Dieterich BUXTEHUDE (c.1638-1707)
Opera Omnia XII
Chamber Music I: Sonatas from manuscript sources
Sonata in C major for two violins, viola da gamba and basso continuo BuxWV 266 [7:54]
Sonata in A minor for violin, viola da gamba and basso continuo BuxWV 272 [6:50]
Sonata in D major for viola da gamba, violone and basso continuo BuxWV 267 [7:54]
Sonata (with Suite) in B-flat major for violin, viola da gamba and basso continuo BuxWV 273 [13:12]
Sonata in D minor for violin, viola da gamba and basso continuo BuxWV Anh. 5 [2:58]
Sonata in G major for two violins, viola da gamba and basso continuo BuxWV 271 [8:31]
Sonata in D major for viola da gamba and basso continuo BuxWV 268 [4:35]
Sonata in F major for two violins, viola da gamba and basso continuo BuxWV 269 [6:53]
Catherine Manson, David Rabinovich (violins); Jonathan Manson (viola da gamba); Ton Koopman (harpsichord and organ); Mike Fentross (lute); Christine Sticher (violone)
rec. Waalse Kerke, Amsterdam, February 2010. DDD
CHALLENGE CLASSICS CC72251 [58.50]
This recording presents the eight unpublished chamber works of Dieterich Buxtehude. As the excellently clear booklet notes by Christoph Wolff explain, these pieces show a less uniform scoring than those which were published in Hamburg in the late seventeenth-century, which, Wolff speculates, may be a reason for their relative neglect: the varied instrumentation by which they are characterised made them less suitable for printing as a set.
The commercial stringencies of the 1690s notwithstanding, these are marvellously adventurous works in which all parts are given equal prominence within the texture. The effect is of truly three-dimensional Sonatas which, in this respect, foreshadow the String Quartets of Haydn and, more especially, of Mozart. They are here afforded performances of much understanding by these fine musicians, whose careful consideration of the works’ compositional structures produces realisations which are full of energy and vitality, shot through with light; but also of great strength and authority.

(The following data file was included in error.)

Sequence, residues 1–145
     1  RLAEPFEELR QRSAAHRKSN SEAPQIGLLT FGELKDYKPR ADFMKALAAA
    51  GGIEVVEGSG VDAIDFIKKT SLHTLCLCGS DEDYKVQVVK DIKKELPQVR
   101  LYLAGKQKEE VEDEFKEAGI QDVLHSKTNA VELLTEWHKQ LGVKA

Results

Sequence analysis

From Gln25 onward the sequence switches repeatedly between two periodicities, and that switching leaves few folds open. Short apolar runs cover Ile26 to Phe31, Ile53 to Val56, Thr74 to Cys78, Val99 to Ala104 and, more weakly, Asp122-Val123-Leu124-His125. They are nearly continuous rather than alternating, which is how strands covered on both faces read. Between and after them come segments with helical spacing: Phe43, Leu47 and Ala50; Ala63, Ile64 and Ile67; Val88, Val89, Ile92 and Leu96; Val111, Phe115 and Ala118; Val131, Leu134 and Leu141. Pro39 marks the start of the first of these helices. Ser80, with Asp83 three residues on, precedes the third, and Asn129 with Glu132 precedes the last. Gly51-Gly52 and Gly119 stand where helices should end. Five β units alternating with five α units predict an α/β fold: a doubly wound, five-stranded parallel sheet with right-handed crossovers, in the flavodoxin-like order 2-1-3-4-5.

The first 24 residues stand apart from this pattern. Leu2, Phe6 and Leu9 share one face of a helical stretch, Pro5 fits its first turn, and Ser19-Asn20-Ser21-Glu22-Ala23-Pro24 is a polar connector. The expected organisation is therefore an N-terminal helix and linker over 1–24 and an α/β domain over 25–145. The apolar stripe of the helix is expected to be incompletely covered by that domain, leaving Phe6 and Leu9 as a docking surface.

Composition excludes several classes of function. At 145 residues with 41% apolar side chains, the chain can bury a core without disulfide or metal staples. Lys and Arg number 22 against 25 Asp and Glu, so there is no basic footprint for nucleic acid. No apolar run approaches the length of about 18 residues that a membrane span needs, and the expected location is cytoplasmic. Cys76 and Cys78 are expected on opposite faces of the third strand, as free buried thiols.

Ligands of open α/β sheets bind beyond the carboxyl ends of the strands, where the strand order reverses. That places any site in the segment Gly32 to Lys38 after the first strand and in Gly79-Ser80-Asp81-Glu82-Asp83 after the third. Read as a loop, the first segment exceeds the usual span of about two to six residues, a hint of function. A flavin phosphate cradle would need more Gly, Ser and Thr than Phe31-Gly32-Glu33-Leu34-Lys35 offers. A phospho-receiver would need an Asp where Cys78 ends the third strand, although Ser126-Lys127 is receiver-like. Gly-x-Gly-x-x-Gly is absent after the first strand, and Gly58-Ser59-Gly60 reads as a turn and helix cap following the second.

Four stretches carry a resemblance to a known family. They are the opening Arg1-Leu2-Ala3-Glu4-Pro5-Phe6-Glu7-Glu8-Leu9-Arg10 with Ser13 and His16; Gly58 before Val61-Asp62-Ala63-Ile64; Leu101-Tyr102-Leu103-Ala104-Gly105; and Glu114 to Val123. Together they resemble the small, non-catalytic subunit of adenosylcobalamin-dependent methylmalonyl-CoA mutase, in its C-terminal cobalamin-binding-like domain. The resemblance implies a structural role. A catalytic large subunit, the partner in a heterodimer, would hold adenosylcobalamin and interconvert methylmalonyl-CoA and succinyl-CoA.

The sophistication and artistry of the performers is immediately evident from the first piece on the disc: the Sonata in C for two violins, viola da gamba and basso continuo (BuxWV 266). The sounds of the bowed string instruments are well enough differentiated to enhance the counterpoint, but similar enough to ensure an integrated sound. The bow is used primarily as an expressive medium; and subtly shaped phrases and finely graded repeated notes serve top enhance the structure of the melodic lines. Nuanced playing is also characteristic of the Sonata in A minor for violin, viola da gamba and basso continuo (BuxWV 272) that follows, the violin and viola da gamba complementing each other admirably; this Sonata is also notable for its incisive rhythmic control and employment of virtuosic bowing techniques, which are effortlessly applied.
The continuo is brought more to the fore in the following two Sonatas: and the fuller harmonic background appears to stimulate an even more heightened response in terms of the shaping of melodic lines. The Sonata in B-flat (BuxWV 273) features some especially fine lute playing in the first movement, which lends an air of Mediterranean exuberance to the work. Indeed, the use of the lute is particularly successful in all the works presented on this disc, as it provides a piquant contrast to the chamber organ and, even in those works in which the harpsichord is used as the keyboard continuo instrument, the sound is sufficiently different to allow for interesting and, at times, dramatic changes of colour; which are, however, never employed gratuitously, but always with regard to the formal structure of the music. The continuo instruments are also recorded with enough clarity and afforded enough prominence to enable both horizontal and vertical components of the part to be clearly heard.
The booklet is clearly presented with, as has previously been mentioned, extremely informative and well-written notes. Each work on the disc is presented on one track – the individual movements are not separated by track breaks – which means that each Sonata is given as a single entity, and is clearly intended to be listened to as such. The only – very minor – quibble is that the single violinist in the works for violin, viola da gamba and basso continuo (Tracks 2, 4 and 5) is not identified.
This is an extremely intelligent, convincingly performed and well-packaged disc, which stimulates the listener to investigate further the chamber music of this relatively little-known, somewhat overshadowed composer. It presents all that musical performance at its best should involve: a cerebral, authoritative approach; a demonstrative realisation; and a performance that has a zest of life, freshness and vigour.
A performance that has a zest of life, freshness and vigour.